Most recently, Cornell University canceled classes last week after anti-Semites and death threats were made to Jewish students. Patrick Dai, a 21-year-old Cornell student, was stopped last week and accused of posting an online message regarding the shooting in a building frequented by Jewish students. Dai, who was accused of threatening to kill or harm others using interstate communications, threatened to “bring an assault rifle to campus and shoot all you Jewish pigs,” said the U.S. Attorney’s Office for the Northern District of New York in a statement. Press release.
Even before the war between Israel and Gaza began last monthhate crimes in the United States – including crimes against Jews and Muslims – have been rising. Federal officials have not yet released data showing how many threats or incidents have been reported since Hamas first attacked Israeli civilians and military installations on October 7, triggering a massive and ongoing Israeli response .
But reports of specific incidents and early data from nongovernmental experts who study hate crimes suggest the rise is significant, including an Oct. 14 incident in which an Illinois man is accused of fatally stabbing 6-year-old Palestinian American boy and injuring his mother in an apartment they rented from him. The 71-year-old suspect pleaded not guilty to murder and hate crime charges.
While the Stanford Department of Public Safety issued two alerts Friday and Saturday regarding the hit-and-run, Omira said the school’s response was slow and inadequate.
“The hours following the incident were terribly silent from the institution I trusted to be my protection,” Omira said. “It took a multitude of emails and a plea for recognition to elicit a personal response from the administration. »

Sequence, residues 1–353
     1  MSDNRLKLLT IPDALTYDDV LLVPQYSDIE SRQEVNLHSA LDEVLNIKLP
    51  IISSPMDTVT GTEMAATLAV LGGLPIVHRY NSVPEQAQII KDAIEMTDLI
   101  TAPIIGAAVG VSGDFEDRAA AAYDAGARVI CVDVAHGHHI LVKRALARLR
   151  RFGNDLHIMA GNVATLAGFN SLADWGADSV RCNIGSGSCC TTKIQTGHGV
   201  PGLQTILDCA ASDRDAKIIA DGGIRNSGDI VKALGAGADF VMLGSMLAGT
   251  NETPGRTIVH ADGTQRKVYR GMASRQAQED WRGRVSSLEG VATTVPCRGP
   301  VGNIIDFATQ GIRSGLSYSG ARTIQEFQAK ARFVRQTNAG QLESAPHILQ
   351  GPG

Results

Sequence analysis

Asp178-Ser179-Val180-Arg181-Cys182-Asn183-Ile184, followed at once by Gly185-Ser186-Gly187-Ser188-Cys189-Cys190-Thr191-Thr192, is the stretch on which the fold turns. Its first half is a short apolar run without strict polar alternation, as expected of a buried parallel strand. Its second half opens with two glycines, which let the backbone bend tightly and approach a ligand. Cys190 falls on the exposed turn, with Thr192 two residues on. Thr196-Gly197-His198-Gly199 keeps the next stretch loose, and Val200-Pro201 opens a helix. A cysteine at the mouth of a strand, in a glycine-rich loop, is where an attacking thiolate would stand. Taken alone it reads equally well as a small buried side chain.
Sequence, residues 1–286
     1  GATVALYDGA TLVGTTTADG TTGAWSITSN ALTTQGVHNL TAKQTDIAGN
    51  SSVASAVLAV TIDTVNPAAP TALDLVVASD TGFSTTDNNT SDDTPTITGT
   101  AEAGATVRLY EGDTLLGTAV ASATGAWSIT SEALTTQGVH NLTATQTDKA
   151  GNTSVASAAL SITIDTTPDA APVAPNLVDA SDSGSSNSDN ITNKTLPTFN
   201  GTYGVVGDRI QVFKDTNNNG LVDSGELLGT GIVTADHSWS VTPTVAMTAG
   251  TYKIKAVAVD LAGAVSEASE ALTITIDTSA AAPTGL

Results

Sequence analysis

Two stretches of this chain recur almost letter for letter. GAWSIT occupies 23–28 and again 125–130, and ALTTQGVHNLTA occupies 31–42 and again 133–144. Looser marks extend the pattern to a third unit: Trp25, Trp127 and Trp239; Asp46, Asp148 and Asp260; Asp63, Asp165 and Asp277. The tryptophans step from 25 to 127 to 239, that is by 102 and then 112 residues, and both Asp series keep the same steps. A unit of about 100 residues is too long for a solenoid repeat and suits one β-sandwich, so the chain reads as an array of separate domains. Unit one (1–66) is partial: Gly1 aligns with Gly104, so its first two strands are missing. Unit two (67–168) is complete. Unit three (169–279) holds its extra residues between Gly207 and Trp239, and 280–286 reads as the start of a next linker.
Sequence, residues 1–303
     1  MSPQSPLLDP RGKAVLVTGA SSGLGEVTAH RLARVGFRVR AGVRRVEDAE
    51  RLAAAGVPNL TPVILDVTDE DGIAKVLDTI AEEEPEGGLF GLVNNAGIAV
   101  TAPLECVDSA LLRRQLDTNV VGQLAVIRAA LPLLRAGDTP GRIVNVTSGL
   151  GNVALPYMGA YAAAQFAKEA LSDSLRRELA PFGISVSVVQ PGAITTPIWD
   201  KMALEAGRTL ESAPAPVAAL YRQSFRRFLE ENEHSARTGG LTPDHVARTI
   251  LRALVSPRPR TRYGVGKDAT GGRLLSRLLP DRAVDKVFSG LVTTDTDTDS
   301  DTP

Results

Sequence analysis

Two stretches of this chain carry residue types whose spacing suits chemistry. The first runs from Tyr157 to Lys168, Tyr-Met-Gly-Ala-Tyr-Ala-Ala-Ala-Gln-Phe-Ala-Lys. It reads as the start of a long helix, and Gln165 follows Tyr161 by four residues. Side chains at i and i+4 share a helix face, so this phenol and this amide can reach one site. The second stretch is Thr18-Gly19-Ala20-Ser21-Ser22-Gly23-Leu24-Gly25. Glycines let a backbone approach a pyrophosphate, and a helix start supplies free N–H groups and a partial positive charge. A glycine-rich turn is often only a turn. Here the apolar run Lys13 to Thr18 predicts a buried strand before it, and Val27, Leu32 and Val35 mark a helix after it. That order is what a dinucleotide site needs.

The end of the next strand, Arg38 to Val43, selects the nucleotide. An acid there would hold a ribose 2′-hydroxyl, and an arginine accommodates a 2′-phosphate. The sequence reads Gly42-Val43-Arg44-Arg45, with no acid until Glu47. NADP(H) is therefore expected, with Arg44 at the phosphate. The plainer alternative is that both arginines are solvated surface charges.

Stanford spokesperson Dee Mostofi said that as soon as campus officials had enough details, the university informed the campus community of what happened.
Authorities and university officials are urging any witnesses and anyone with information about the driver to come forward. The driver fled in a black Toyota 4Runner described as being a 2015 model year or newer, officials said. The vehicle also had an exposed tire mounted on the rear, according to officials.
Yousef AbuHashem, who arrived from Gaza two years ago to study at Stanford, visited Omira in the hospital, according to KTVU. AbuHashem said Saturday that he raised his security concerns with the provost two weeks ago.
“Are you waiting until someone is hit or killed to say something? the student told KTVU.
Omira is a robotics and physics researcher interested in AI and advanced power generation systems, according to his profile at Stanford. His profile states that he has “four patents in nuclear waste processing, disposal and solar energy systems, with projects in development in medical and commercial robotic applications.”
Despite the hit-and-run, Omira said he hopes people can stop the increasing hatred and violence.
“I implore everyone reading this: let us collectively denounce hatred, intolerance and violence. Let us take the time to understand each other, celebrate our diversity and stand united against the forces that seek to divide us,” he said. “There is immense power in love and understanding, enough to eclipse the darkness of hatred.”
Perry Stein and Devlin Barrett contributed to this report.